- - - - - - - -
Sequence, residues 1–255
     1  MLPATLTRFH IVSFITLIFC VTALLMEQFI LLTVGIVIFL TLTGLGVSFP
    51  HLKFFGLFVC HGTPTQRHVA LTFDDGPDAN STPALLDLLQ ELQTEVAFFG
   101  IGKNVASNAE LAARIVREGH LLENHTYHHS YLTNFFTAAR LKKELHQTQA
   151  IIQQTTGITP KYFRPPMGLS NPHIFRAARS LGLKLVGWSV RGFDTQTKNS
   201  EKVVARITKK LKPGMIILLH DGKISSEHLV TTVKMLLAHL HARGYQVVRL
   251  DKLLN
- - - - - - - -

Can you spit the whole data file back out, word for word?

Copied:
Sequence, residues 1–255
     1  MLPATLTRFH IVSFITLIFC VTALLMEQFI LLTVGIVIFL TLTGLGVSFP
    51  HLKFFGLFVC HGTPTQRHVA LTFDDGPDAN STPALLDLLQ ELQTEVAFFG
   101  IGKNVASNAE LAARIVREGH LLENHTYHHS YLTNFFTAAR LKKELHQTQA
   151  IIQQTTGITP KYFRPPMGLS NPHIFRAARS LGLKLVGWSV RGFDTQTKNS
   201  EKVVARITKK LKPGMIILLH DGKISSEHLV TTVKMLLAHL HARGYQVVRL
   251  DKLLN